Watch for the End of the World
Between now and the end of the liturgical year, four weeks from now, we will be hearing a lot about the end of the world. "Brothers and sisters," St. Paul tells us today, "do not be shaken out of your minds suddenly, or be alarmed” about the end of the world, about "the day of the Lord.”
But what do we know about the end of the world? First of all, we know for sure that Jesus is alive. That’s what we celebrate first and foremost every Sunday: Jesus is alive and is coming back. We know that he died once, and that he rose from the dead, and that he will never die again.
We also know that both our Lord and his Blessed Mother went to heaven with their bodies. Where that might be, we are not sure, but it is a place—whether in this universe or outside we don’t know. But we do know that they can travel to and from that place, and that they will! Jesus is coming back, and Mary too, as we here in the Book of Revelation: “A great sign appeared in the heavens, a woman clothed with the sun.” And that’s very real: Jesus and Mary coming back. They will be here, even more truly than I am here now talking to you.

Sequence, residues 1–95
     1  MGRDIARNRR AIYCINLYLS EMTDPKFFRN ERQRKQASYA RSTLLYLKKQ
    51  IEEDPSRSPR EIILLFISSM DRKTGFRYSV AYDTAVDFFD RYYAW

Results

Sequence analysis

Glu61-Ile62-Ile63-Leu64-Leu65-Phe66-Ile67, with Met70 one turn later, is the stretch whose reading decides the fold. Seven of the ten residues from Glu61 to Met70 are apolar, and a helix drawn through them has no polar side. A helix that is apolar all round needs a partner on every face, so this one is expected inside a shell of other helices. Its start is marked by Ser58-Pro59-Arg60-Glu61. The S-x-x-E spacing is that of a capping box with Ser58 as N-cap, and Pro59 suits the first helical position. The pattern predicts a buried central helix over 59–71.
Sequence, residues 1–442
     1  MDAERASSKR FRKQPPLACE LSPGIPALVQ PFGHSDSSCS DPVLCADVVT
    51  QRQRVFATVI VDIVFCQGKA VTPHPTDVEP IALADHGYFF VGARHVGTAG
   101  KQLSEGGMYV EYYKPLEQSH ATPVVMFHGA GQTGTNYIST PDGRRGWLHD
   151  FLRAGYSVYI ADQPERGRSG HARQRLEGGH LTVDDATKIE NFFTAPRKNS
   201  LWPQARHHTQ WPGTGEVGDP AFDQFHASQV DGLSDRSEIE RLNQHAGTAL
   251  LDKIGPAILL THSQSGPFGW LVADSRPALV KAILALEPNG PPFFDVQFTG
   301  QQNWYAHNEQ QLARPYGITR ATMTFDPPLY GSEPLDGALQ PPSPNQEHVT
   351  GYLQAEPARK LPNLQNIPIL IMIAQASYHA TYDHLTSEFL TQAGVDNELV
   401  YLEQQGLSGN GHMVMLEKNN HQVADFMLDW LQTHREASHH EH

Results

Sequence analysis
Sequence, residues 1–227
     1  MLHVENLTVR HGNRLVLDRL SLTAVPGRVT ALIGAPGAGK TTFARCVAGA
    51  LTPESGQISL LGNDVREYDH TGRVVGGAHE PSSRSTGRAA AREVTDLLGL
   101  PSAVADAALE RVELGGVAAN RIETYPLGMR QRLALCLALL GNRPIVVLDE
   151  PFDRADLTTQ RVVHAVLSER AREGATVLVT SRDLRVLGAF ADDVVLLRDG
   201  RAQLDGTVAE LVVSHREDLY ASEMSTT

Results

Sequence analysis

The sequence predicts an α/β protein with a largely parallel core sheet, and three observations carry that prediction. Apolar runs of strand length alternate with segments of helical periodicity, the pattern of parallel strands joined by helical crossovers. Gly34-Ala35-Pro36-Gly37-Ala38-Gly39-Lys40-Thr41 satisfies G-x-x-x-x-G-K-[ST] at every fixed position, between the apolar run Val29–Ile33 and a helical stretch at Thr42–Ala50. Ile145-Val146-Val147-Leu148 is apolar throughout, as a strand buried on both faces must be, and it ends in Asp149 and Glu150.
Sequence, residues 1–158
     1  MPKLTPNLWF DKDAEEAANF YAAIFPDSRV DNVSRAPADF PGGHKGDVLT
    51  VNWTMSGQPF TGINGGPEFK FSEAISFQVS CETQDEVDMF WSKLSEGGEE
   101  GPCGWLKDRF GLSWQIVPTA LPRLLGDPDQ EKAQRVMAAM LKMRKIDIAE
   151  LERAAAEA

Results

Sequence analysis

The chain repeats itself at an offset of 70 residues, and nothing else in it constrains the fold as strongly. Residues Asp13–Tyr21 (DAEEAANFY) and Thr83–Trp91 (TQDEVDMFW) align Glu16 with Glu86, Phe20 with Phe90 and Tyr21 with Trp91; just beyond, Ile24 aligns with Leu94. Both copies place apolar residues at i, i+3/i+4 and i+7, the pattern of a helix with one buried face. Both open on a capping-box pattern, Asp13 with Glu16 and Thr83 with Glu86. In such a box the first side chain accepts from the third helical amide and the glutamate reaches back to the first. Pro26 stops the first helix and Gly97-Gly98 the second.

We also know that there will be a judgement, that all the enemies of Christ and his Church will be conquered once and for all, that God will establish perfect order and harmony, and that “God will be all in all,” as St. Paul puts it.
And our bodies? We know that we will all rise from the dead and live forever: the just with God in heaven, wherever that will be (but, again, it will be a place), and the unrepentant in the other place, without God. But these bodies will be transformed; they will be spiritual bodies and will not be subject to the normal laws of physics: “It is sown a physical body, it is raised a spiritual body,” St. Paul tells us.
But where will we be? What will happen to the earth, the sun, the moon, and the stars, the millions and millions of stars? Will they all be destroyed? Or will they too, like our bodies, be transformed?
Now, here is where things are a going to get a little more cloudy. Even though this is the part people have visualized the most, made movies about and written books about, and so forth, we don’t know exactly what the universe is going to look like. This is what the Second Vatican Council's pastoral document on the Church, Gaudium et Spes, taught (and I quote): "We [do not know the] way in which the universe will be transformed."